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The quest to stop game addiction

Tyler Bean, Conner Lee and Dylan Olson have a conversation after school. Choosing gaming over interation with friends is an early warning sign of gaming addiction.

Many have experienced the devastating effects of losing a loved one to mental or behavioral disorders that could not be understood, but to video games? With the recent spotlight that has been shown upon video game addiction, is gaming to become the "crack epidemic" for millennial youth?

For a definition of computer and video game addiction ones need to look no further than the National Institute of Media and the Family.

"When time spent on the computer, playing video games or cruising the Internet reaches a point that it harms a child's or adults family and social relationships or disrupts school or work life, that person may be caught in the cycle of addiction," explains NIMF literature. "Like other addictions, the computer or video game has replaced friends and family as the source of a person's emotional life. Increasingly, to feel good, the addicted person spends more time playing video games or searching the Internet. Time away from the computer or game causes moodiness or withdrawal."

The NIMF warns that when a person spends up to 10 hours a day or more rearranging or sending files, playing games, surfing the net, visiting chatrooms, instant messaging and reading emails, that can easily reach up to seventy to eighty hours a week online with the computer. Major social, school or work disruptions will result.

"I have seen several of my friends just disappear," said a Carbon High senior. "It was like the video game just sucked them in."

In severe cases, an online or in game "fantasy world" has replaced a person's real life. The virtual reality of the computer or game is more inviting than the everyday world of family, school or work. With increased access to pornography on the Internet and in games, this fantasy world may be highly sexual, according to the institute.

Sony's PS3 is one of the most popular gaming consoles in the world.

As of June 2007 the American Psychological Association had not yet classified video game addiction in the DSM IV, it is suggested that the symptoms of the disease would be similar to that of other psychological addictions such as compulsive gambling.

Wikipedia's online encyclopedia, which allows content to be posted by individuals around the world, reports that the AMA would classify the addiction as an impulse control disorder possibly displaying the following diagnostic criteria.

•Persistent thoughts of the activity or performance of the activity. (Preoccupation)

•Need for increased time spent on the activity to achieve satisfaction or diminished reward for the same amount of time spent on the activity. (Tolerance)

•Inability to control, stop or diminish the behavior. (Loss of control)

•Restlessness or irritability when prevented from parking in the activity. (Withdrawal)

•Lying to friends or family about extent of involvement with activity. (Continuance despite adverse consequences)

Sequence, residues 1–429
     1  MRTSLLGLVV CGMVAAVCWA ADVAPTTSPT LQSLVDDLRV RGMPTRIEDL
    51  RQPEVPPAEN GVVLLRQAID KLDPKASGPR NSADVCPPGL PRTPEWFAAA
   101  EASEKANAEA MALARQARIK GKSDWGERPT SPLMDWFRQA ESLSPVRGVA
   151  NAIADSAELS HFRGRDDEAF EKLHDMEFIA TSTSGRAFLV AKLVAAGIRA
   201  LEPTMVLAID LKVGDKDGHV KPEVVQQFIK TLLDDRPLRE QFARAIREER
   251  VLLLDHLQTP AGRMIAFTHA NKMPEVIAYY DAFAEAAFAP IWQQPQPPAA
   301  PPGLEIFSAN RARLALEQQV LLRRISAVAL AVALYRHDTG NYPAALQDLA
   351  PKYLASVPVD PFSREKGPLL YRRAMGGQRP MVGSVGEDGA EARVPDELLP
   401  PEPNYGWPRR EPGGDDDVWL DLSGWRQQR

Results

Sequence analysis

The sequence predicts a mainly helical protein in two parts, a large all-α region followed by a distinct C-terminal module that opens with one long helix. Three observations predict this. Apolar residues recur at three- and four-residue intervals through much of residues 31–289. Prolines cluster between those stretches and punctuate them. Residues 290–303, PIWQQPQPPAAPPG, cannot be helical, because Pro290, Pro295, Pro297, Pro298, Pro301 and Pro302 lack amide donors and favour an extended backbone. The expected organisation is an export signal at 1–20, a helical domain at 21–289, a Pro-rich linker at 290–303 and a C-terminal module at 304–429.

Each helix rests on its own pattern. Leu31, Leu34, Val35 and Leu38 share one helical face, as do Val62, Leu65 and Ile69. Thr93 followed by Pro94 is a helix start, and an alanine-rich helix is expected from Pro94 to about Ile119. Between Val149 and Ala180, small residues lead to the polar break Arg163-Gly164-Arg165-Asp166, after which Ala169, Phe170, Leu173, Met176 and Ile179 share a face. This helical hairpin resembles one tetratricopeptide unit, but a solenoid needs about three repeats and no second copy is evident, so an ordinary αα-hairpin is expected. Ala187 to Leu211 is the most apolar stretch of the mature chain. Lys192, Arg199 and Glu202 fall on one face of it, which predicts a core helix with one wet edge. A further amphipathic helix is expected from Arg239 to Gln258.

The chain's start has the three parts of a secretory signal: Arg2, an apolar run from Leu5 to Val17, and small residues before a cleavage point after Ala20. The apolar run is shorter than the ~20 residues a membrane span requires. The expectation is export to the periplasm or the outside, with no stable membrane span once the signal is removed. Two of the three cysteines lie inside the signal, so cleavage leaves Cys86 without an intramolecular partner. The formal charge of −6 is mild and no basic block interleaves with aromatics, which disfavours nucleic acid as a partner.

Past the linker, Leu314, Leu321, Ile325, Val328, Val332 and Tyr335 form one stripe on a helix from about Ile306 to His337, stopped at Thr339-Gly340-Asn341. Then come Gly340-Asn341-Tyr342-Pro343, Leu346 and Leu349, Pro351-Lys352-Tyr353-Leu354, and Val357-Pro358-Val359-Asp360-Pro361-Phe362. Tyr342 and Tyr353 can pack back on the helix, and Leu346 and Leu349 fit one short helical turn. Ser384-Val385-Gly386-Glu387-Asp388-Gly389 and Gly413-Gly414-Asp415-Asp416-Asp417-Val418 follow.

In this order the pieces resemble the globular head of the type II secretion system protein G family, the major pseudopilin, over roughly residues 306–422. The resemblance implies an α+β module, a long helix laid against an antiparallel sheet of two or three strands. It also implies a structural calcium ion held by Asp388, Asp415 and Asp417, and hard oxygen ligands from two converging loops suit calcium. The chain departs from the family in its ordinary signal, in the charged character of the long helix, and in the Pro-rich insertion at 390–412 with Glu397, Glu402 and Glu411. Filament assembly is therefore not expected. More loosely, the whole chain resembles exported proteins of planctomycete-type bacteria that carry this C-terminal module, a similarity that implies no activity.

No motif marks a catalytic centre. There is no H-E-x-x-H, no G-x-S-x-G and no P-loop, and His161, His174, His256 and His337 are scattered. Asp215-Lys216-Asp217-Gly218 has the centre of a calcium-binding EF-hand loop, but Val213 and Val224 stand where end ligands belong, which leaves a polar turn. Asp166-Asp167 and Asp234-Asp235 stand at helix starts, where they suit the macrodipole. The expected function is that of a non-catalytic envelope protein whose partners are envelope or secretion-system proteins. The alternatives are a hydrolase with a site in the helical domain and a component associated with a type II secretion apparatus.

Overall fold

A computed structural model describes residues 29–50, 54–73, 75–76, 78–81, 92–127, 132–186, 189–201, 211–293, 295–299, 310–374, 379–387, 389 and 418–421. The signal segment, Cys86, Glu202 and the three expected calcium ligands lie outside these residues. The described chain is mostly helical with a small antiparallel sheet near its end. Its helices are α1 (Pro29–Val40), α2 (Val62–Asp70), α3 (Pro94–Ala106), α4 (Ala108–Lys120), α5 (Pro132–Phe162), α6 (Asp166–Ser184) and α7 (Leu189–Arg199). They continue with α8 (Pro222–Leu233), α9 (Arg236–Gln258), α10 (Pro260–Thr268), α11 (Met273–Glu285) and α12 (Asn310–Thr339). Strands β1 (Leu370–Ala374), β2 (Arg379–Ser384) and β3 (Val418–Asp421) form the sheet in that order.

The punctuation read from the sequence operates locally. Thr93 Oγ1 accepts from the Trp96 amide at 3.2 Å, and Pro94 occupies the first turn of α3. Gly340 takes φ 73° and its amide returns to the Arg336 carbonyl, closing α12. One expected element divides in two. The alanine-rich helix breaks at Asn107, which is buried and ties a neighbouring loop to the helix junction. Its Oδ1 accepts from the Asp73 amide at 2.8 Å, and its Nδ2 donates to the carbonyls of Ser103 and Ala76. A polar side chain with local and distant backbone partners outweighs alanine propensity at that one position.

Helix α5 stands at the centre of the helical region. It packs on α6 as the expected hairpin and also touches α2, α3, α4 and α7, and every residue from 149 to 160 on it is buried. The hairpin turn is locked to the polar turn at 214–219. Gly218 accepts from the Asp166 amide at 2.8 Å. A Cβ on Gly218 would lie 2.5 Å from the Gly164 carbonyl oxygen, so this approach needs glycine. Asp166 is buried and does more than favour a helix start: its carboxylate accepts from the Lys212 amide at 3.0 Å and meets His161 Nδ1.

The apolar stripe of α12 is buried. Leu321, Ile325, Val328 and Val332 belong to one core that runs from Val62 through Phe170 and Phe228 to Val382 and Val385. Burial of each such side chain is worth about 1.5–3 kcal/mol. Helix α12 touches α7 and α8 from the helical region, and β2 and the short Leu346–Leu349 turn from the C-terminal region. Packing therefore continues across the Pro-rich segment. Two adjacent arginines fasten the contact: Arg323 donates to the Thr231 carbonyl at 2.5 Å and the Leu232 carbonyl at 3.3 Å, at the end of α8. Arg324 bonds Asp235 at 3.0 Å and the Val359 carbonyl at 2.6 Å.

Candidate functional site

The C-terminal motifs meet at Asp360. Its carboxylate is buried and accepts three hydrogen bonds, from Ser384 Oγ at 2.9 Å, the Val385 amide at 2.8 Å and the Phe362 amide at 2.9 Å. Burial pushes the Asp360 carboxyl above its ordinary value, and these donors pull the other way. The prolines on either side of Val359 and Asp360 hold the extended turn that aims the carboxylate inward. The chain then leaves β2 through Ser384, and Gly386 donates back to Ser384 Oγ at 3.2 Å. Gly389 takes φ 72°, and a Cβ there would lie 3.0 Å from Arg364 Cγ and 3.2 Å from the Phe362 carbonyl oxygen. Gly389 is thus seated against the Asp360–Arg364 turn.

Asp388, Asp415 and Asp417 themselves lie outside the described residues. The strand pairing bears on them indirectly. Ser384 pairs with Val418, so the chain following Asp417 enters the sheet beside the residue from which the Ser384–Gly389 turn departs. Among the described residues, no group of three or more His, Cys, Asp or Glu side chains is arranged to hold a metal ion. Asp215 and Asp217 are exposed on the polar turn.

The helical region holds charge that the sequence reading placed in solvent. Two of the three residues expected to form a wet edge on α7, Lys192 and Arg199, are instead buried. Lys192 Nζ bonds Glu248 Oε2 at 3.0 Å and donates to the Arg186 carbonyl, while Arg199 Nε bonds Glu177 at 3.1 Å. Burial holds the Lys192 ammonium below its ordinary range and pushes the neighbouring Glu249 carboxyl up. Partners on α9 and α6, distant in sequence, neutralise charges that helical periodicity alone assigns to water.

Nintendo's new Wii platform is also very popular with young gamers.

•Committing illegal acts to sustain activity. (Continuance despite adverse consequences)

•Relying on others to finance activity. (Continuance despite adverse consequences)

While there is still no formal data concerning the prevalence of video game addiction some countries have responded to the problem by opening treatment centers.

The Chinese government operates several clinics to treat those addicted to online games, chatting and web surfing. Treatment for patients, most of whom have been forced to attend by parents or government officials, include various forms of pain, or uneasiness.

According to the online encyclopedia, China also introduced an anti-online gaming addiction system in 2005 aimed at reducing in-game rewards after three hours of play for underage individuals, reports however indicate that young gamers are finding ways to circumvent the system.

In the most extreme of cases, there have been three well-documented deaths caused directly by exhaustion from playing games for long periods. In South Korea, Lee Seung Seop died after playing Starcraft for over 50 hours.

Early identifiers of this addiction in children include:

•Computer or video game use characterized by intense feelings of pleasure and guilt.

•Obsessing and pre-occupied about being on the computer, even when not connected.

Brianna Blackham and Morgan Crove exhibiting the lost art of conversation.

•Hours playing video games or on the computer increasing, seriously disrupting family, social or even work life.

•Lying about computer or video game use.

•Experiencing feelings of withdrawal, anger or depression when not on the computer or involved with their video game.

•Choosing to use the computer or play video games rather than seeing friends.

•Dropping out of other social groups.

•Irritable when not playing a video game or on the computer.

For those wanting to test their possible addiction to video games or the computer quizzes are available online, (don't mind the irony,) at the Center for Online Gaming.

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